In response to concerns over excessive civilian casualties in Gaza, Israel is discussing the possibility of hiring former UK Prime Minister Tony Blair to serve as a humanitarian coordinator for the region. The selection of Blair for this role is seen as an attempt by Israeli Prime Minister Benjamin Netanyahu to lend legitimacy to Israel’s military campaign and to dampen international calls for a ceasefire.
Blair’s experience as an envoy to Israel and Palestine for the Middle East Quartet has positioned him as a potential candidate for this position. While the exact nature of his role has not been defined, it is expected to focus on providing medical treatment and medicines to the people of Gaza, as well as on the possibility of evacuating the wounded and sick from the area.
Israel has confirmed that discussions with Blair are ongoing and that he is open to the possibility of taking on this role. Blair himself has expressed his views on the Israeli-Palestinian conflict, suggesting that traditional Western diplomacy in the region needs to be rethought in light of the ongoing crisis. He has also acknowledged that the blockade of Gaza, which he previously supported, may have been a mistake and that efforts to engage in dialogue with Hamas should have been made earlier.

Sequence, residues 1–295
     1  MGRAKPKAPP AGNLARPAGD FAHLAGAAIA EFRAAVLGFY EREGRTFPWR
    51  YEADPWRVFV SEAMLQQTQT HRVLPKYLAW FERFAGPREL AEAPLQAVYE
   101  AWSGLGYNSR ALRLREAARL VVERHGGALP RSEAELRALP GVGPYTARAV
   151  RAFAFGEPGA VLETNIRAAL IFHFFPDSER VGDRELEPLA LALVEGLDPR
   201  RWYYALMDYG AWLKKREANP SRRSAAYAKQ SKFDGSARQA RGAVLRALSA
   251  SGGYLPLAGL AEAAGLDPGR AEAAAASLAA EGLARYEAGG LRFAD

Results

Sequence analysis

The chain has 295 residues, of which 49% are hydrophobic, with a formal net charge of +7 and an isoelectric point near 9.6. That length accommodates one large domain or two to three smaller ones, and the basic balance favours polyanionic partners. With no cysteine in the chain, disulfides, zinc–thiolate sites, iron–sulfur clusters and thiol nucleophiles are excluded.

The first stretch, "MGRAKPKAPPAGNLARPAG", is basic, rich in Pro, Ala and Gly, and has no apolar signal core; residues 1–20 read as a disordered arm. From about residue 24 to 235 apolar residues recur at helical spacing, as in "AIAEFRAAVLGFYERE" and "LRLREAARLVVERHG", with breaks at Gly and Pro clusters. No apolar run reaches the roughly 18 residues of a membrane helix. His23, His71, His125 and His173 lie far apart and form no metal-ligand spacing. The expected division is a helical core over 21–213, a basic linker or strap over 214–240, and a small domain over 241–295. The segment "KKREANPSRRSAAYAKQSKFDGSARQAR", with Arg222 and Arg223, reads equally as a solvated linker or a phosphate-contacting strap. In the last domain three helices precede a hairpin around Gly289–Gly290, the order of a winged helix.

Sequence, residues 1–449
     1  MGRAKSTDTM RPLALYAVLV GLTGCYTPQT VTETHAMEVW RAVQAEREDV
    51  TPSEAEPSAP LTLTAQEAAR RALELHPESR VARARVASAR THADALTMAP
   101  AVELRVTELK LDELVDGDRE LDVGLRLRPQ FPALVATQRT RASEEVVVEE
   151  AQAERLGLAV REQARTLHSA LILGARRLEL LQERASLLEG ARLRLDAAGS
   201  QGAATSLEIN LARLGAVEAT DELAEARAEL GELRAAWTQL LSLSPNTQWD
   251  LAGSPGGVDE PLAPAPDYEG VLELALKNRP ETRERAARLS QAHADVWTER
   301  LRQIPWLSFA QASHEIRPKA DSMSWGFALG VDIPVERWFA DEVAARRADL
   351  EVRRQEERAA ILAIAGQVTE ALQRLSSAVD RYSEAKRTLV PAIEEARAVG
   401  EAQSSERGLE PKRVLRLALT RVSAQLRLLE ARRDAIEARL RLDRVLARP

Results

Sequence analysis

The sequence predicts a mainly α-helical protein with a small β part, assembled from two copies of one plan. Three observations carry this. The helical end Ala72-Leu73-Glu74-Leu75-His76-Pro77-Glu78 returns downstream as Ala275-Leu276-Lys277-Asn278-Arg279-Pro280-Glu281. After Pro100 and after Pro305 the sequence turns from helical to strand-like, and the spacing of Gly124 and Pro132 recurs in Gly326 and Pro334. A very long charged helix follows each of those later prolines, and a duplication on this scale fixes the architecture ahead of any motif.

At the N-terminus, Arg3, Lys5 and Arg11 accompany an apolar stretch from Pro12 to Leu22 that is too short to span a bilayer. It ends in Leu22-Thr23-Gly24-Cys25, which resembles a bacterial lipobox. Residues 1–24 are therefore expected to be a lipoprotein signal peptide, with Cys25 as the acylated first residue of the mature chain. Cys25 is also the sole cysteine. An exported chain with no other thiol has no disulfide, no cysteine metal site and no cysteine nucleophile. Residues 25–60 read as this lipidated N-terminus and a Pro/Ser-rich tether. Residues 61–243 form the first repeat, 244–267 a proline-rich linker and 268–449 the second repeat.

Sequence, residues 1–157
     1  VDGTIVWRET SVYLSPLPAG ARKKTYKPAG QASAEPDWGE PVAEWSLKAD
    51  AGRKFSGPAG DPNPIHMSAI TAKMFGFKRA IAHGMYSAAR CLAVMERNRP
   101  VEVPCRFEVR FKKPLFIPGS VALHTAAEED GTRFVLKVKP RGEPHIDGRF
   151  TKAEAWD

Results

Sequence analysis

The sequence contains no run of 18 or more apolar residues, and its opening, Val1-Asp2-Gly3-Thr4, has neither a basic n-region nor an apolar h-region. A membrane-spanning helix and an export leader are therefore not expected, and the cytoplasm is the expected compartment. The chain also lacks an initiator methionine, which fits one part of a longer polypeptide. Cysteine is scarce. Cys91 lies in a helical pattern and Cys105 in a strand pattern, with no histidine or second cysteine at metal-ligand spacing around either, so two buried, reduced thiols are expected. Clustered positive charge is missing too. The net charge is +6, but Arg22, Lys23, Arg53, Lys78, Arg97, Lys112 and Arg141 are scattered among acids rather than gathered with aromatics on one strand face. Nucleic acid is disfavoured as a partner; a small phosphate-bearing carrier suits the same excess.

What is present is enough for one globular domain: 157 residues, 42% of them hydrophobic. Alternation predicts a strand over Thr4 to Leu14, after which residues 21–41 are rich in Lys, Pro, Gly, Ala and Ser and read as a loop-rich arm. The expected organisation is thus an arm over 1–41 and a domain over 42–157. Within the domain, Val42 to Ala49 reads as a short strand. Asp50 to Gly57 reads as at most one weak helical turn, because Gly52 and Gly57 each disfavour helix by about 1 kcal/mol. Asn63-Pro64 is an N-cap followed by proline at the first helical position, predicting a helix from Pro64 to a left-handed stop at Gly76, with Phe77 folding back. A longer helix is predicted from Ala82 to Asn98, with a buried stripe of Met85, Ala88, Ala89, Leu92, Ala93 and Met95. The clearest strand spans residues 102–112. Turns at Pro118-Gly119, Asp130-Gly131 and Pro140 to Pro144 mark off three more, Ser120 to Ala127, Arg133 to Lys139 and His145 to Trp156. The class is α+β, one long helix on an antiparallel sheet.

However, Blair’s potential appointment as a humanitarian coordinator is not without controversy. His role as a peace envoy for the Quartet in 2007 was met with criticism due to his leadership in the UK’s decision to go to war with Iraq in 2003. A subsequent inquiry into the war found that Blair had disregarded warnings about the risks of military action and had exaggerated the threat posed by Saddam Hussein. As a result, many in the UK believe that Blair should be tried as a war criminal.
Despite these concerns, the prospect of Blair serving in a humanitarian capacity in Gaza reflects Israel’s efforts to address international criticism of its military campaign. By drawing on Blair’s diplomatic experience, Israel aims to mitigate civilian casualties and demonstrate its commitment to providing humanitarian assistance to the people of Gaza. However, the potential appointment of a figure with such a controversial history raises questions about the role of international leaders in addressing humanitarian crises and conflicts around the world.